Planning For Your Child’s Education – Part I

By Nimi Akinkugbe

Naturally it is the desire of every parent or guardian to give their children the best possible start in life. One of the best ways to build a foundation for a secure future is through a sound education. Education opens doors to many opportunities, and is a necessity in today’s global economy. For the vast majority of people, funding your children’s education ranks as one of the largest expenses you will ever face and it must thus be carefully planned for.

Start saving now

If your children are still babies or toddlers, thinking about their future education may seem like a lifetime away. However, with the rising costs of education, the earlier you start making financial provision for this most important goal, the better. Certainly, the most difficult time to start an education savings plan is when your child is still young as for new parents who are just starting to build assets and facing the financial demands of a young family, this can be a challenge; yet this is the time that you should start saving in earnest.

Unless you are very well off financially, it may be difficult to suddenly have to come up with the money to pay for your child’s secondary or tertiary education when it is time for them to go. Prepare for these costs now rather than later; even if you can’t put aside a large sum each month from the onset, start with a small amount, and increase it whenever you can. With a head start, your funds will have time to appreciate and weather the inevitable ups and downs of the financial markets.

It is true that most advice on education funding focuses on building a savings plan early. This would be ideal, but even if your children are older and you haven’t been saving towards their education, it’s never too late to take steps to ease this burden and improve their prospects.

How much can you afford to set aside on a regular basis?

The amount of money you can set aside is a function of how much you can afford. Consider the assets you hold, your debt situation and what you can realistically save given all your other commitments. Your neighbour may be able to deposit N50,000 a month into Junior’s education fund; this may not be possible for you. Don’t be tempted to try copy others. Look at your family’s unique financial circumstances and determine what makes sense for you, what you can afford and can stay committed to, for the long term.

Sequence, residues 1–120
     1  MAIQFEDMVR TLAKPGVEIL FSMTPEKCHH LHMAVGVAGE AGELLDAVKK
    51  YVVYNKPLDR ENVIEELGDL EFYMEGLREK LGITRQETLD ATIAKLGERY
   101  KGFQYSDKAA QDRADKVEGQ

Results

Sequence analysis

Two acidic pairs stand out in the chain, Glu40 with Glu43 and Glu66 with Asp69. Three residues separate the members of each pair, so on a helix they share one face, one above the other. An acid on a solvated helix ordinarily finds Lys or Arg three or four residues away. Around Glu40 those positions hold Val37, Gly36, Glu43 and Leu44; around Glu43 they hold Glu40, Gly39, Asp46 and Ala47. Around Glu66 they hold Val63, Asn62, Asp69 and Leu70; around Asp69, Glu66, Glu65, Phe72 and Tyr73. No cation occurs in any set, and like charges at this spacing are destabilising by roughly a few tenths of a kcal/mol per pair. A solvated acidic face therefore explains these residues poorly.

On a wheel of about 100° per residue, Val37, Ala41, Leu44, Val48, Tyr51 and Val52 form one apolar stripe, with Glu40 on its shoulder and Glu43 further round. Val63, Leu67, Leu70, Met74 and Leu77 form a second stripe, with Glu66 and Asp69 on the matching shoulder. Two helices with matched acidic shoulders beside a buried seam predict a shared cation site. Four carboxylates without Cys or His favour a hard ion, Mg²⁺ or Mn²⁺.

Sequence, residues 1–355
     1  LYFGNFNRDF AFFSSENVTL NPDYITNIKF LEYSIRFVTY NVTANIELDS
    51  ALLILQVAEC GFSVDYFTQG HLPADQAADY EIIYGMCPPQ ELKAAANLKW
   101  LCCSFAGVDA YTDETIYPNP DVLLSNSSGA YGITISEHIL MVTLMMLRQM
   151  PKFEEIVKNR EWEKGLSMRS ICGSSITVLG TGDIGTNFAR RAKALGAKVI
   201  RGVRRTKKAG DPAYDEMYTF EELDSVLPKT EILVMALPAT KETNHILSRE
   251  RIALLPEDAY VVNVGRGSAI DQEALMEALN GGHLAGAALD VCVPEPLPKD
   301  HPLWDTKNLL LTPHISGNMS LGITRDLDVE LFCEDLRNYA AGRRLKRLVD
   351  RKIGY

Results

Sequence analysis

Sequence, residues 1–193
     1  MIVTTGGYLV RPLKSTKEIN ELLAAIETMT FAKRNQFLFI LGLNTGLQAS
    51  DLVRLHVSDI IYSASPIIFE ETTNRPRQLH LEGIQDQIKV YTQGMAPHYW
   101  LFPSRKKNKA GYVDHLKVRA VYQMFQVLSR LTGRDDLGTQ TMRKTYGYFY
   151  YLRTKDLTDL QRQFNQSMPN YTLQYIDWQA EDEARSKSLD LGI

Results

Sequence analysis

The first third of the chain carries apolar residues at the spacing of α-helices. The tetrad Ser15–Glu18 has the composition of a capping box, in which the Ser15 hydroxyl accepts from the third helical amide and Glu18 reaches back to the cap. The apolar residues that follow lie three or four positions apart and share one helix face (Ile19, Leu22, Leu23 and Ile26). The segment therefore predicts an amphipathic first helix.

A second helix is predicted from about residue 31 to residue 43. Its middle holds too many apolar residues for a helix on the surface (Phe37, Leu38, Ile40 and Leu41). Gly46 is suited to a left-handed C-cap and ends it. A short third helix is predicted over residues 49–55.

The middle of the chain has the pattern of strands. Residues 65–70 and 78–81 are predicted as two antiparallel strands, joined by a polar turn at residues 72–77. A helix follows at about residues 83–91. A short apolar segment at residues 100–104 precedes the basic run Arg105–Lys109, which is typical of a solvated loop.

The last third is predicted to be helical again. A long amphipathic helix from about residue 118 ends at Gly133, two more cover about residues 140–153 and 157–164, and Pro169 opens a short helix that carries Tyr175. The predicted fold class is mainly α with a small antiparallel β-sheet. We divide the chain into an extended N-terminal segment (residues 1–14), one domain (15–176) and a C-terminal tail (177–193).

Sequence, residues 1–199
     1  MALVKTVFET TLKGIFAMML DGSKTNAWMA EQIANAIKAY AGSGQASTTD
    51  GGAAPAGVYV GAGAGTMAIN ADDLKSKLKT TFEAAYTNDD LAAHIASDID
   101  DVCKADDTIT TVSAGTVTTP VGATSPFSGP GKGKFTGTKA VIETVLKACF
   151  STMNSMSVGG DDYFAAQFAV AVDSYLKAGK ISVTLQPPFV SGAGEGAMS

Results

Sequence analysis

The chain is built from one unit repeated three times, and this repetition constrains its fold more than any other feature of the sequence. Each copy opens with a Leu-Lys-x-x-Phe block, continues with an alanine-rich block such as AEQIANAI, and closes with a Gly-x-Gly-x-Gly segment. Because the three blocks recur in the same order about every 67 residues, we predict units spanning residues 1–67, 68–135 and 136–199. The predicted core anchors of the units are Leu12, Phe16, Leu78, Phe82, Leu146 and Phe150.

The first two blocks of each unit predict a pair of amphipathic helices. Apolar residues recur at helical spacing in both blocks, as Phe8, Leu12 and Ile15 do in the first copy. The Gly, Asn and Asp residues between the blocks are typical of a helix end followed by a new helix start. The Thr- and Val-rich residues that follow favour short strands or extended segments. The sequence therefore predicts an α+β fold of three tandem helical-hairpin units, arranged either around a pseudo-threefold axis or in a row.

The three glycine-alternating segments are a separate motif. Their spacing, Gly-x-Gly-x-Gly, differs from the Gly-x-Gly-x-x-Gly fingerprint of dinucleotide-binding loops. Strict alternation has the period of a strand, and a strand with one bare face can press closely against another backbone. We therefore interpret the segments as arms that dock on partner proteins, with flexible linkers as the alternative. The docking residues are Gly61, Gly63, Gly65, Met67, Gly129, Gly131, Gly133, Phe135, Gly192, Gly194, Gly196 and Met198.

Automate your savings via a direct debit from your current account to an appropriate savings vehicle. This “forced” saving method will help you keep your plans on track. The key is to keep making steady, regular progress until your child completes his or her studies.

How much does it cost now?

In planning for your child’s education you must estimate what the total cost is likely to be. It is better to over-estimate than to risk having a shortfall which could affect your plans later on. Major expenses include tuition fees, accommodation, textbooks, computers, sporting equipment, uniforms, transportation, extra-curricular activities, private tutors and personal expenses, Even though the numbers will not be firm, having some estimates will help you to keep your goal in view.

Begin to determine the type of school that you are aiming for. Tuition rates vary enormously between state and private schools and there is a wide range within each category, so do some research regarding prices.

How much will it cost in the future?

By some estimates, annual increases in education costs range between 10% and 15% each year. Bear in mind that actual percentage increase in any year could be significantly higher or lower, and the rate could vary from public to private college. In any case, this means that a child born today will face a tuition bill several times more than what the average student pays today.

Factor in how much prices have risen year on year historically to help you make financial projections. On the internet there are numerous savings calculators that can help you visualize various scenarios – assuming a monthly or quarterly deposit of “X” naira, over a period of “Y” years, and applying an interest rate of “Z” %, you will be able to determine the total yield at the future date. You will also need to factor in exchange rate changes if it is your intention for your children to be educated abroad.

Play with the numbers a little to see what happens when you earn a higher interest rate on your deposit, if you miss a month’s payment, or are able to make an extra payment. A financial calculator will help you to determine how much to put into the education fund each month in order to meet a particular goal. For most families there is more than one child to consider so multiply the cost estimates accordingly and see the effect this will have on the overall plan.

As you prepare financially for your children’s education remember that while you want your child to succeed in life, you don’t want to drain all your savings and jeopardise your own financial plans such as planning for your retirement. Try to find a happy medium between finding a school that is affordable, and also offers a sound education.

In Part II we will discuss some of the various options for funding your child’s education.

Written by Mrs Nimi Akinkugbe, Lagosmums money management and financial specialist. For further questions or advise send email to [email protected].
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